Concussion

Concussion

Concussion arrived in theaters on Dec. 25. The movie was an informative and entertaining piece of art. The graphics and the mentality of the human mind were portrayed beautifully in this movie.
Concussion is based on a true story  in which Will Smith stars as Dr. Bennet Omalu, who is a Nigerian forensic pathologist. Omalu discovered a neurological deterioration that is similar to Alzheimer’s disease in the brain known as Chronic Traumatic Encephalopathy (CTE). American football players are prone to CTE after multiple traumatic events, such as a concussion, occurs.
The movie depicts actual events which have occurred in two retired players, including Mike Webster, when their brains go into a state of confusion and hearing voices, literally going crazy. Webster was the first player ever diagnosed with CTE and depicts the first time Omalu discovers this disease.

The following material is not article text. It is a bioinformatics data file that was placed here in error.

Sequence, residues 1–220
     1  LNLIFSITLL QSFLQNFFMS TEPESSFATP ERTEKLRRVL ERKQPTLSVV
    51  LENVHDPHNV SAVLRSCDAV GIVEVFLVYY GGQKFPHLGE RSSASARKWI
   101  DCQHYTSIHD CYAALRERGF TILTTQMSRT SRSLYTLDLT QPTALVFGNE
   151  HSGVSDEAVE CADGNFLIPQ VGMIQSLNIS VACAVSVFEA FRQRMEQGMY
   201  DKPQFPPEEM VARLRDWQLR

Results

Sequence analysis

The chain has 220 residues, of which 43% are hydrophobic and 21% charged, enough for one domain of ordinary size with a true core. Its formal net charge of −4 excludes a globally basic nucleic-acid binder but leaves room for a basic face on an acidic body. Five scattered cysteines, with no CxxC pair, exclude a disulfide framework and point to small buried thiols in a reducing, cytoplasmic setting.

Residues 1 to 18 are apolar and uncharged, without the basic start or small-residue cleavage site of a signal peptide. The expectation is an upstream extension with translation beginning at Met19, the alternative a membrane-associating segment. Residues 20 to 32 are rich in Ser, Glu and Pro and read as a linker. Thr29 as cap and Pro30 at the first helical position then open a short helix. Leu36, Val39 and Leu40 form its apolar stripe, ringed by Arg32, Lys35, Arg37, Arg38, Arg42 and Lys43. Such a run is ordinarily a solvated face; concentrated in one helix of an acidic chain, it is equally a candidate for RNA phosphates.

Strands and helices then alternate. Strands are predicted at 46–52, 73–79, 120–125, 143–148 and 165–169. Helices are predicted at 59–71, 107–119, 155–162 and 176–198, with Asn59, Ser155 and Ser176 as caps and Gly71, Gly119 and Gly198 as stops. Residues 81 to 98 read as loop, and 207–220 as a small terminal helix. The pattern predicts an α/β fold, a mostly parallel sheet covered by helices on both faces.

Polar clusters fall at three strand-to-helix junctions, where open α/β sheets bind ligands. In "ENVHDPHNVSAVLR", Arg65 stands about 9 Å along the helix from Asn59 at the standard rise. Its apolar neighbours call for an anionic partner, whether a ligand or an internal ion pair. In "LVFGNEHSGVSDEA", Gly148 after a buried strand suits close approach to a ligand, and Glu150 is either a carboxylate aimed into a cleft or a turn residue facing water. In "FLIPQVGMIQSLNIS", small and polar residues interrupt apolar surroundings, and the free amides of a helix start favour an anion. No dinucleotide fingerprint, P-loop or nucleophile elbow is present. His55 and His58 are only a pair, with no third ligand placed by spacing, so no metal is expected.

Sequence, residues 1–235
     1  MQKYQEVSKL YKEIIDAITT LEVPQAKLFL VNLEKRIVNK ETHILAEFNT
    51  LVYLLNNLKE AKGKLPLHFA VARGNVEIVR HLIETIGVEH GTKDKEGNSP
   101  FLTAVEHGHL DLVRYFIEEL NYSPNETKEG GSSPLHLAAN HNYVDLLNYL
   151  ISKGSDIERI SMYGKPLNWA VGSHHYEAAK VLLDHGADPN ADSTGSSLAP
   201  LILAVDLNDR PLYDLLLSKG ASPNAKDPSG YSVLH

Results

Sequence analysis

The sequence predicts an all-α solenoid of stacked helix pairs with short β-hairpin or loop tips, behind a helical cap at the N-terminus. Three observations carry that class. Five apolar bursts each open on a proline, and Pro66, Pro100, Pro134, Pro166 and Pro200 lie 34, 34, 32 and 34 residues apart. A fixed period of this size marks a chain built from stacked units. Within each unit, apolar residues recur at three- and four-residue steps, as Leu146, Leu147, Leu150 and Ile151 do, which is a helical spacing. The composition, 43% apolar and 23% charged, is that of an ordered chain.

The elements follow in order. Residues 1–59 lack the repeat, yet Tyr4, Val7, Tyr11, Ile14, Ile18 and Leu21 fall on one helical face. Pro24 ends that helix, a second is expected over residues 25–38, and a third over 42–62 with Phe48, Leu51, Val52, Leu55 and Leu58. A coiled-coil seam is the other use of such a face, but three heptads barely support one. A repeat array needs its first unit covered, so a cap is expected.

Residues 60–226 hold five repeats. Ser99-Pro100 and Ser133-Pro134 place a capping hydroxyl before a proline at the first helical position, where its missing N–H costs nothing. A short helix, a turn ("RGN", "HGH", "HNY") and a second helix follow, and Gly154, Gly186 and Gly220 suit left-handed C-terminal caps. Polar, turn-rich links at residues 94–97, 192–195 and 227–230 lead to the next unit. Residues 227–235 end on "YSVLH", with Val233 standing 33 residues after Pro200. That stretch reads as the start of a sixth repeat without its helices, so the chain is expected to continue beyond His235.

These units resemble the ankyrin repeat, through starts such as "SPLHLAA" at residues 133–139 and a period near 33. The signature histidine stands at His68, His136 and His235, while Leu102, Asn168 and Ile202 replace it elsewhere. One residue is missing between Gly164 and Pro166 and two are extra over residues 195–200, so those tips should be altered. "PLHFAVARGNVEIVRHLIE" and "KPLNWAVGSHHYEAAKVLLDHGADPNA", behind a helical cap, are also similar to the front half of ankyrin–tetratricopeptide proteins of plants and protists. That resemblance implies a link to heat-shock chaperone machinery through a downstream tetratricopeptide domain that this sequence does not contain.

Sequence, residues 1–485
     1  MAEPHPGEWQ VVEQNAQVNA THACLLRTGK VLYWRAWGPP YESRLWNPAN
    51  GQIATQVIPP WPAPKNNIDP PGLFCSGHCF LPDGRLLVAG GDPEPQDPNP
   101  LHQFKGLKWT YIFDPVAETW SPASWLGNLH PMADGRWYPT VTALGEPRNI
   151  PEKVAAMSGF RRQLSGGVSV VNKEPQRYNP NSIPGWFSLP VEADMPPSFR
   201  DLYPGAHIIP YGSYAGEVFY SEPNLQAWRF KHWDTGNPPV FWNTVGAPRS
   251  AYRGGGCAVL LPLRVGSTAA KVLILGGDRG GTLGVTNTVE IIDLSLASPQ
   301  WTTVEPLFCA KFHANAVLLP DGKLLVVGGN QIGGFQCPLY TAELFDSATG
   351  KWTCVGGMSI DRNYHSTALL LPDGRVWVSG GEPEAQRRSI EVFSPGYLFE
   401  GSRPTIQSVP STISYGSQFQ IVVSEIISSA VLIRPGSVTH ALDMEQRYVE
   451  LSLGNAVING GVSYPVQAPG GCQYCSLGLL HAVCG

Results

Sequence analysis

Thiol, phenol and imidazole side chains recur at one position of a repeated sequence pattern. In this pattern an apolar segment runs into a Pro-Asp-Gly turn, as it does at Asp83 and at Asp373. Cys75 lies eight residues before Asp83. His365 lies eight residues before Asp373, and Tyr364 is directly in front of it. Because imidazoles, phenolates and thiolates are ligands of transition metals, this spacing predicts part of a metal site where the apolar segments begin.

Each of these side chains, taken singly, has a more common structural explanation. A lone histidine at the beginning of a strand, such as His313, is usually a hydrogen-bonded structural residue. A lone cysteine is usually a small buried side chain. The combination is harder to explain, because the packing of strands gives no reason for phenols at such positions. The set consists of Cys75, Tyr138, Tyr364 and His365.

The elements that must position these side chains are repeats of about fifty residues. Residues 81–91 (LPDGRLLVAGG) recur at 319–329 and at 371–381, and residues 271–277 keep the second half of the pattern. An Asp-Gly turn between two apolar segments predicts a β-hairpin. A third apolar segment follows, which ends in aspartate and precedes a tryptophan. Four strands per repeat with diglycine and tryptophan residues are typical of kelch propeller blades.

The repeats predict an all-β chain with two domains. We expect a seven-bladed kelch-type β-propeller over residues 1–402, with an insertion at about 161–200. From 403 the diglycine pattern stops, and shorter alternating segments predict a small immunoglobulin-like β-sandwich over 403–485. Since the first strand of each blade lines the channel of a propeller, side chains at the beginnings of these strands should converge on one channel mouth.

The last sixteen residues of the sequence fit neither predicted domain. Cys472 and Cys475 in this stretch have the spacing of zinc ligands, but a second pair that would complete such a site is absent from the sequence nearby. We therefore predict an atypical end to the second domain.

There is a small scene of events between fans and doctors during Omalu’s research. Such as protest and newspaper articles about what he’s doing behind closed doors. However, the National Football League was avoiding this research until the very end of the movie, and stating they are doing their own research. Omalu shot back with, “If they continue to deny my work man continues to die.” This is the greatest quote to describe the NFL and their ignorance on the issue.
The end of the movie left me with more questions than answers about how to keep players safe during their time on the field. The hard hitting facts and heartfelt scenes seem to make this movie nothing less than amazing. There were a few parts where I was almost in tears, and others when I was raging but mostly internal screaming about how right this movie is about depicting the sport. I encourage everyone, football fan or not, to go see this, just because of the learning and dialogue.
At the very end, I walked out realizing that football is beautifully terrible to the humans who play. The agility of a player and the hits to the same beloved player all lead to some sort of a glorified concussion.